Wine Competitions: It Won a Medal – It Must be Good!

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winningwineMy first-ever restaurant review also included reviews of some of the wines. And though we do not usually write negative reviews of the wine we receive as samples, we do occasionally include reviews of less-than-stellar wines that we pay for. This is especially true when the restaurant has been hyped in all the local press; the chef has been touted as the Best Sommelier in the city, and we really didn’t think much of the pairings. If a venue is going to use awards for marketing and as criteria for long lines and upper-end prices, they had best not take issue with the accompanying scrutiny that goes with it. The same can be said about wine competitions, medals and awards.

A local wine writer took issue with that review and used it as a basis for personal attack. The winery owner was alerted. Rather than use it as an opportunity to change the writer’s mind, the winemaker piled on with the kind of visceral acrimony I haven’t seen since our days of running a college football message board. It got to the point where he was “spamming the site” with a list of the awards his wine had won.

And that got me to thinking, just what do these awards mean, and how should our readers use them when choosing wine?

Research Shows No Concordance in Awarding the Gold

A research study published in a recent issue of the Journal of Wine Economics found an interesting aspect of wine competitions that might be disturbing to the aforementioned winemaker as well as to consumers who choose their purchases solely based on medals and ribbons: A gold medal in one competition does not mean a gold medal in another.

In “An Analysis of the Concordance Among 13 U.S. Wine Competitions,” author, researcher and winemaker Robert Hodgson analyzed 4,000 wines entered in 13 wine competitions in the United States. Hodgson who is also Professor Emeritus, Department of Oceanography, Humboldt State University, found that of the 2,440 entered in three or more competitions, a little less than half (47%) of them received Gold medals. But about 8/10 (84%) of these same winners received no Gold in another competition. And his findings go a step further:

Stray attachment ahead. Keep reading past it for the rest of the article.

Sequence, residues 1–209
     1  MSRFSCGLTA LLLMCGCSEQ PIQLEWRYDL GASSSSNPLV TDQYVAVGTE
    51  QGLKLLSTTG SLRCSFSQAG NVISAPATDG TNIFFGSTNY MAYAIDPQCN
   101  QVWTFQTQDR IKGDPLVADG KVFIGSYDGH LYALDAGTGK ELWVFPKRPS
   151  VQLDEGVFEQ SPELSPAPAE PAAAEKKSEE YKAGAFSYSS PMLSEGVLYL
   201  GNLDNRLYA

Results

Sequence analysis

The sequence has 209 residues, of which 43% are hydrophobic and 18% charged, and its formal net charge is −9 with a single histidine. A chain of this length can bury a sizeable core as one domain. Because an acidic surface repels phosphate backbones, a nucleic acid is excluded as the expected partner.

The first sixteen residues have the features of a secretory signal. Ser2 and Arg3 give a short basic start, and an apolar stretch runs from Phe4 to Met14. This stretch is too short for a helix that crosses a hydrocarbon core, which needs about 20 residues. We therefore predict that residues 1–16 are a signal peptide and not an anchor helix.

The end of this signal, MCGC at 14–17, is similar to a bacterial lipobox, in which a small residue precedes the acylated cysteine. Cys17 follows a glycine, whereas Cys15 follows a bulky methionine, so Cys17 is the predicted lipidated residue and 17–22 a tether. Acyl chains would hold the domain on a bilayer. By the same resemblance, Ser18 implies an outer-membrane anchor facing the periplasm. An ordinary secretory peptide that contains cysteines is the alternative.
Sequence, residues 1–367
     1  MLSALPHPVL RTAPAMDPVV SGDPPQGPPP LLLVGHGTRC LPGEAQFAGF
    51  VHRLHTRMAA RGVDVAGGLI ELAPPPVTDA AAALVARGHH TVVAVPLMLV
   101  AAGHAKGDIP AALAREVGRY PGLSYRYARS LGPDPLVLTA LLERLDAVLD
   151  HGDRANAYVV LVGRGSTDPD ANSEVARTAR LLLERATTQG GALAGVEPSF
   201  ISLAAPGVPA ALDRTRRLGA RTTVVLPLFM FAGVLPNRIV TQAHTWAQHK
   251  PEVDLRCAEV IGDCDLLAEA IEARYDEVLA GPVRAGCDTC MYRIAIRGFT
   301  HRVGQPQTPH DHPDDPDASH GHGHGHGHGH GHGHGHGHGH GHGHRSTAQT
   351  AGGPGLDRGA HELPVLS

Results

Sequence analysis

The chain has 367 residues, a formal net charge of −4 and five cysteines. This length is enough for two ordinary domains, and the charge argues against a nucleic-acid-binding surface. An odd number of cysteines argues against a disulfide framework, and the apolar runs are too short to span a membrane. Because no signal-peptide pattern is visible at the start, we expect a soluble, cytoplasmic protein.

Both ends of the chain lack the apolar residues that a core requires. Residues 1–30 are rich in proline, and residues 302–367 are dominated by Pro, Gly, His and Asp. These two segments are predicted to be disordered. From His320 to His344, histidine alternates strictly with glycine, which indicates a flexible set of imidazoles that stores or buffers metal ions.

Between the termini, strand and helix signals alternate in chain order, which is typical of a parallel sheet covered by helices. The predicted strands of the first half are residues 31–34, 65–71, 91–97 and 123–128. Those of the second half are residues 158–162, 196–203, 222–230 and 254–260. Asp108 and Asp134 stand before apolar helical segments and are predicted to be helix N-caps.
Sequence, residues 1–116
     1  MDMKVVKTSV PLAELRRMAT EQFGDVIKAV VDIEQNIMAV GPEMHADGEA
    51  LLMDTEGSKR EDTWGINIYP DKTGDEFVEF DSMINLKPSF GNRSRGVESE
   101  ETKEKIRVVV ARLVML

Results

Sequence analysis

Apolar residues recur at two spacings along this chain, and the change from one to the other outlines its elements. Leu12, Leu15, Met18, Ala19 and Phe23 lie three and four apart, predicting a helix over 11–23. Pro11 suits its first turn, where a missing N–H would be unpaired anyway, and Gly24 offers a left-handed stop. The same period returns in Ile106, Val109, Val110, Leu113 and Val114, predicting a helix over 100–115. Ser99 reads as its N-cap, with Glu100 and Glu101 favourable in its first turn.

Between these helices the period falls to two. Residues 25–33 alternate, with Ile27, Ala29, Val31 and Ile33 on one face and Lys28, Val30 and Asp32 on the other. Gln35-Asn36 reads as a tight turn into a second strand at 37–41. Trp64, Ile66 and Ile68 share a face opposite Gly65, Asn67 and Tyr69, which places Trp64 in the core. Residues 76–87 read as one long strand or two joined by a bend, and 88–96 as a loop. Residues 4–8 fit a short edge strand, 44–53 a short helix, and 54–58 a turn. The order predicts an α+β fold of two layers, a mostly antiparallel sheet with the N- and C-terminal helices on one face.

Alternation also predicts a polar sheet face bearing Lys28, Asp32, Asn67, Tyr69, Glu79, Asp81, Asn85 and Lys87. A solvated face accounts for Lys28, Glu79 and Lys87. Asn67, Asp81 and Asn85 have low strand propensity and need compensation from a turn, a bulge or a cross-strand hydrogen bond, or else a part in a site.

There were 3,347 wines entered in two or more competitions. Considering the case when the results of the competitions were perfectly concordant, i.e., when a wine received the same score in every competition entered, we find that there were only 132 cases. However, virtually all of these occurred when the wine was entered in just two competitions. For wines entered in more than three competitions, there were no straight Golds, out of 3,400 entries. There were 2,440 wines entered in more than three competitions. Of these, there were 1,142 Gold medals awarded (47%). Of the 1,142, 957 (39%) also received at least one No Award. Of the remaining 185 Gold awards, 165 received a low score of Bronze in one or more other competitions. Thus, 98 percent of Gold medal wines were regarded as just above average or below in another competition.

Wine Competitions are All About Marketing

I have always found competitions (in any industry) a bit suspect for reasons both anecdotal and evidential. First and foremost, my years in marketing and public relations give me an insight that the average rust-specialist-turned-wine-writer does not have. Competitions are all about marketing, and you typically are not going to send your product to multiple competitions where it’s going to come up a loser. You’re going to spend your money on entry fees that guarantee at least some sort of “honorable mention.” Sure you can write the entry fee and the cost of the product off as marketing expenses on your books, but the goal is to come back with something you can use on your website or in your product literature.